The Efficiency of Takeovers
The Corporate Board, pp. 16-22, September/October 1985
14 Pages Posted: 30 Sep 2003
The market for corporate control that has arisen in the last two decades is generating large benefits for shareholders and for the economy as a whole. The corporate control market generates these gains by loosening the control over vast amounts of resources and making it possible for those resources to move more quickly to their highest-valued use. This occurs through takeovers (both hostile and friendly), divestitures, spin-offs, split-ups, leveraged buyouts, and going-private transactions.
We are seeing a normal healthy market in operation, both on the takeover side and on the divestiture side. The total benefits have been huge as reflected in gains of $40 billion to stockholders of acquiring firms in 260 tender offers alone in the last four and a half years (as estimated by the office of the chief economist of the SEC).
The market for corporate control is best viewed as a major component of the managerial labor market. It is the arena in which alternative management teams compete for the rights to manage corporate resources. Understanding this is crucial to understanding much of the rhetoric that takes place about the effects of hostile takeovers.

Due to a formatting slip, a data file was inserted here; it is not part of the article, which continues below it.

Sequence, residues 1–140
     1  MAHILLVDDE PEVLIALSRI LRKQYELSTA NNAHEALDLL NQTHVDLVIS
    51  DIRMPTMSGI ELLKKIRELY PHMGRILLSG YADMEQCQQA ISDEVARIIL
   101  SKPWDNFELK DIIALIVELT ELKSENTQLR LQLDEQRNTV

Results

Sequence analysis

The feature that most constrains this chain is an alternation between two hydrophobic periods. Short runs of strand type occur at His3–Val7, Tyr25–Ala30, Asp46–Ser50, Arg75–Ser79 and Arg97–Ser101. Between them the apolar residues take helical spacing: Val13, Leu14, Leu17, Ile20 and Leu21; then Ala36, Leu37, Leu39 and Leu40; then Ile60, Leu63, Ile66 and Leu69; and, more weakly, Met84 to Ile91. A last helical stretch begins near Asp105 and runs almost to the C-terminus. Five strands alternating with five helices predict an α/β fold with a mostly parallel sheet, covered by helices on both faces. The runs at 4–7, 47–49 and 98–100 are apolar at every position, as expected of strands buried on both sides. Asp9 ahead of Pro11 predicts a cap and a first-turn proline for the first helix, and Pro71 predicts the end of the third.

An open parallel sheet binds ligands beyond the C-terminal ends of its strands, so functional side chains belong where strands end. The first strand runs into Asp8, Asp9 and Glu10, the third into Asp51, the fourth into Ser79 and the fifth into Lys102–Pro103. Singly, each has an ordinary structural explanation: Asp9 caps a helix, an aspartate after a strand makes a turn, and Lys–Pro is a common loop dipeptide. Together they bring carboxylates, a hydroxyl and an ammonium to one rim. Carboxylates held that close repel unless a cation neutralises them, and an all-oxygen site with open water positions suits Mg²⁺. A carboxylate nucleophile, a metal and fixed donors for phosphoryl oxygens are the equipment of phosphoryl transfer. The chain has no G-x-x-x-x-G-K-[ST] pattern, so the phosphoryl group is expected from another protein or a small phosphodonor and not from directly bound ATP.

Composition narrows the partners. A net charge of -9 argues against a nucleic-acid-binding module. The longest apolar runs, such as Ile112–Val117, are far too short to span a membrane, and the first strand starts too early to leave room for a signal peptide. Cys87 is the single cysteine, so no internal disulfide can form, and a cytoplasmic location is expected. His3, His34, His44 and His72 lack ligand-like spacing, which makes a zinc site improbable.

Managers formerly protected from competition for their jobs by antitrust constraints that prevented takeover of the nation's largest corporations are now facing a much more demanding environment and a more uncertain future. It is not surprising that many of them would like relief from this competition.
Keywords: corporate control market, takeovers, leveraged buyouts, divestiture, tender offers, hostile takeovers, antitrust constraints
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